GLAS Traditional Farm Buildings Grant Scheme Farmer Focus - Siobhan Madden
Siobhan Madden, Co. Cork is a GLAS 3 participant who availed of the Traditional Farm Buildings Grant Scheme for repairs to adjoining 200 year old buildings. Enda Maloney, Teagasc Advisor has more details. For the next three days Teagasc Daily will focus on Co Cork participants of this scheme
Siobhan Madden, Co. Cork is a GLAS 3 participant who received funding from the Department of Agriculture, Food and the Marine under the Heritage Council managed Traditional Farm Buildings Grant Scheme for repairs to adjoining 200 year old buildings.
The limestone buildings dating from 1820-1830 were constructed with stone from a quarry on the farm. Incidentally, the building of local Churches in the parish i.e Liscarroll and Churchtown benefited from similar stone in the quarry.
The buildings comprise of a barn, loft (formerly grain store ), tack room, feed house and 2 stables. The buildings in question had been very well maintained over the years and were generally in good working condition, however, the Grant Scheme allowed for deep structural pointing in lime mortar be carried out on the front and rear of the upper building. The upper building having had raised stonework carried out in 1900-1910 to the level of the slated building.
Masonry has been built up above the doorways / lintels. A stone facade was installed using a matching stone and a suitable NHL 3.5 mortar.
The use of NHL 3.5 lime mortar was an excellent choice for matching and a weak lime mix of NHL 2 in the case of selected areas of patch-pointing.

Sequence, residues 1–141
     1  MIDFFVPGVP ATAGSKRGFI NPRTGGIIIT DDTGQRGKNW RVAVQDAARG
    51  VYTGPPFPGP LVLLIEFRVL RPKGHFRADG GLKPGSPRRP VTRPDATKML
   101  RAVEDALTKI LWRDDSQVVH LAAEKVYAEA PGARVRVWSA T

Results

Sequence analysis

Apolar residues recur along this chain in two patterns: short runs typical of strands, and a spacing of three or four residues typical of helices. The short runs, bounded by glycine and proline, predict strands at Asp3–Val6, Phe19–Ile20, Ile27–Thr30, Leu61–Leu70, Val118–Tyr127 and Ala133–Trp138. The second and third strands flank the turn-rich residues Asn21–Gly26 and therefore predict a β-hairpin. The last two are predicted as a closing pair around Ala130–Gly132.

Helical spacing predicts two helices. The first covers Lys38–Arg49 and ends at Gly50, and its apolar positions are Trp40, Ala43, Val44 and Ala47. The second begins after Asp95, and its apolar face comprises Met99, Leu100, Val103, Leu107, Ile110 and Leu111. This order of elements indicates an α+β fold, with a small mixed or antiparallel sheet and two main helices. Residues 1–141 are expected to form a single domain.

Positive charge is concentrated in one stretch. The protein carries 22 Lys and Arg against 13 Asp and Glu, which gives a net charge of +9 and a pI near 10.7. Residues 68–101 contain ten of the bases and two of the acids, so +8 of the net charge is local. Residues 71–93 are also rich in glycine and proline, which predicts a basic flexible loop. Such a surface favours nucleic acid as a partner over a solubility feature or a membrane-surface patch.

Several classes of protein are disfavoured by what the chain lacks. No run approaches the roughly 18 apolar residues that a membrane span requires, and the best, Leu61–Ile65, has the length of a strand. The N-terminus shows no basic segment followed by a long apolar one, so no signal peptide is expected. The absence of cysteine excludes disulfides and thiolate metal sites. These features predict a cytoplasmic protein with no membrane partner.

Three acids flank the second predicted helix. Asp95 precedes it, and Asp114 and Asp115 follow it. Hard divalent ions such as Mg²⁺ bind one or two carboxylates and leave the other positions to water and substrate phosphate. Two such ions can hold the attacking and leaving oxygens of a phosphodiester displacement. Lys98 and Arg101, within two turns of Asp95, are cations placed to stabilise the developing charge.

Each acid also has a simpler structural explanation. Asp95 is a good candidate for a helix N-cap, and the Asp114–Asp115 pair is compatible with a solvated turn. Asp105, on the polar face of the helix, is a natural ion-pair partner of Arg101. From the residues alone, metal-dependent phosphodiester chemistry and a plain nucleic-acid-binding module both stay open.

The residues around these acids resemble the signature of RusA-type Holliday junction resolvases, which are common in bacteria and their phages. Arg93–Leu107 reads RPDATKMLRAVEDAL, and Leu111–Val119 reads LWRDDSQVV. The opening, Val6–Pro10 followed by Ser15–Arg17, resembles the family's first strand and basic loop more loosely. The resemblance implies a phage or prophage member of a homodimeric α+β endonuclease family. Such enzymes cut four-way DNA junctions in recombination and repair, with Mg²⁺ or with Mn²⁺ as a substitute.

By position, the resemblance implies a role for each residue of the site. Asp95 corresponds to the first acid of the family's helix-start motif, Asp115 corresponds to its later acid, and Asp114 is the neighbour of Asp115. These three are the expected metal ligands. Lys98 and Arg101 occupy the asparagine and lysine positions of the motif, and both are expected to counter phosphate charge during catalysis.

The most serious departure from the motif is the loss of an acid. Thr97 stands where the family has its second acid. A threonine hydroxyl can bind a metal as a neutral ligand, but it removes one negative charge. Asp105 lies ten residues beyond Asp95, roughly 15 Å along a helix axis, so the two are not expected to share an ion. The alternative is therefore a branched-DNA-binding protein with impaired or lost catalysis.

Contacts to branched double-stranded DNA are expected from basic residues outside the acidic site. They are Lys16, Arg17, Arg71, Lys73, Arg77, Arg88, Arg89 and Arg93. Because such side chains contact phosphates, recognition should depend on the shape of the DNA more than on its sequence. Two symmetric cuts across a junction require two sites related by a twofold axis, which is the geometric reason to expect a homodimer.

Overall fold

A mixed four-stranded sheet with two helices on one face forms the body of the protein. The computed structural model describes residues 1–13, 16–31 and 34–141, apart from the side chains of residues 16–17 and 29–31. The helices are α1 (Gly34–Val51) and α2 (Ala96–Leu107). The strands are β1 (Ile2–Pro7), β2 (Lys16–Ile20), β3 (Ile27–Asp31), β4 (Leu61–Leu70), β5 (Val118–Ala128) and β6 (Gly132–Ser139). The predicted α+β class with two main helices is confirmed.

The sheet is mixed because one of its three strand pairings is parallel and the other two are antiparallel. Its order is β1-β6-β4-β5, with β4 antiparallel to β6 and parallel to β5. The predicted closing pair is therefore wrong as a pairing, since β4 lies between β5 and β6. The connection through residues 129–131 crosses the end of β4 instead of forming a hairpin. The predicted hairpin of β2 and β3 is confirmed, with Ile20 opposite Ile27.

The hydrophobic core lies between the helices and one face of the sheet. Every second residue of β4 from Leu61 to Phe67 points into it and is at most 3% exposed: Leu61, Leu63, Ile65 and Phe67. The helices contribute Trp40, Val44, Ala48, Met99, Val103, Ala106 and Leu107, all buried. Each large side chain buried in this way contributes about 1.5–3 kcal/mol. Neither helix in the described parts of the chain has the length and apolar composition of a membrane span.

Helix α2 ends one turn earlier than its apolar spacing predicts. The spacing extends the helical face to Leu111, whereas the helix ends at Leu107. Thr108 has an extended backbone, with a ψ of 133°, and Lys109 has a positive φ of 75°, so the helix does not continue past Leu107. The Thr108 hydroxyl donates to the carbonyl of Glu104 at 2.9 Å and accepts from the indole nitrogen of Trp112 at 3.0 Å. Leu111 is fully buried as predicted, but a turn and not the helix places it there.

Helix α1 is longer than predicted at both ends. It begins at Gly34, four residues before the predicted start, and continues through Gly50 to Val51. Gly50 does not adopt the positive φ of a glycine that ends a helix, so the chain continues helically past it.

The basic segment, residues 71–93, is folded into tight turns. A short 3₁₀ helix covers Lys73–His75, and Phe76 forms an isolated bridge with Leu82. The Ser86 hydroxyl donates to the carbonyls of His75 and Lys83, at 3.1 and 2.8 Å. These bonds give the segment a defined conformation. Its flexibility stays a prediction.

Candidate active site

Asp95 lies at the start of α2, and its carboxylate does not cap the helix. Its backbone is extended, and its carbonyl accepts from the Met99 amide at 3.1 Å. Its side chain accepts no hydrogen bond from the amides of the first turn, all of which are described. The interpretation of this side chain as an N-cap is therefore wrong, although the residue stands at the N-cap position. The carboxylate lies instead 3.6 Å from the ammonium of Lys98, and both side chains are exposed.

Graded and washed sharp sand used throughout.
The upper building benefited from intensive roof repairs, however, the slate roof on the adjoining lower building required minimum intervention - approx 20 salvaged slates were required to match in colour gauge and size - these slates had in former life donned a roof in UCC and were sourced by the contractor Conor Kelleher.
The unique arches (3) are great feature's on the buildings and are in view from the road-way. The arches did not require any remedial works and are in excellent condition both inside and outside which further compliments the skill of the masons and labourers who were involved in the initial construction of the buildings.
The lower gable - west facing required the verges to be reinforced with lead soakers. Remedial works had been undertaken to this gable in 1980.
A lime render was applied to a section of the rear of the lower building in an area which had been previously built up in concrete blockwork. This lime render masks the concrete blocks and adds a traditional feature to the building.
Role of Heritage Conservation Specialists
Siobhan Madden employed the services of Southgate Associates, Heritage Conservation Specialists based in Midleton, Co Cork to supervise the project from start to finish. Conor Kelleher Ltd, Dripsey, Co Cork was the chosen contractor for the project.
Funding by way of the Grant Scheme from The Heritage Council was acknowledged by the participant and was the deciding factor in the commencement of the project.
Role of Teagasc
In addition, Teagasc Advisors Enda Maloney Kanturk and Eimear Connery Middleton played key roles with the initial information of the Grants Scheme and for the encouragement to submit an application. The historic buildings blend in well in this Community, this is a good fertile limestone region and is well known for the raising of thoroughbred horses. The Madden family have been breeding and raising thoroughbred horses for generations enjoying notable success at Cheltenham, Aintree, Punchestown etc.
The Scheme closes on Monday 5th April and application must be made online to the Heriatge Council
More on the GLAS Traditional Farm Buildings Grant Scheme can be found here
See Department of Agriculture Food and the Marine Press Release here
Three additional articles will follow on Cork farmers: Kevin Wood on Friday 12th March, Tom O'Neill on Saturday 13th March and John & Margaret Murphy on Sunday 14th March 2021 here on Teagasc Daily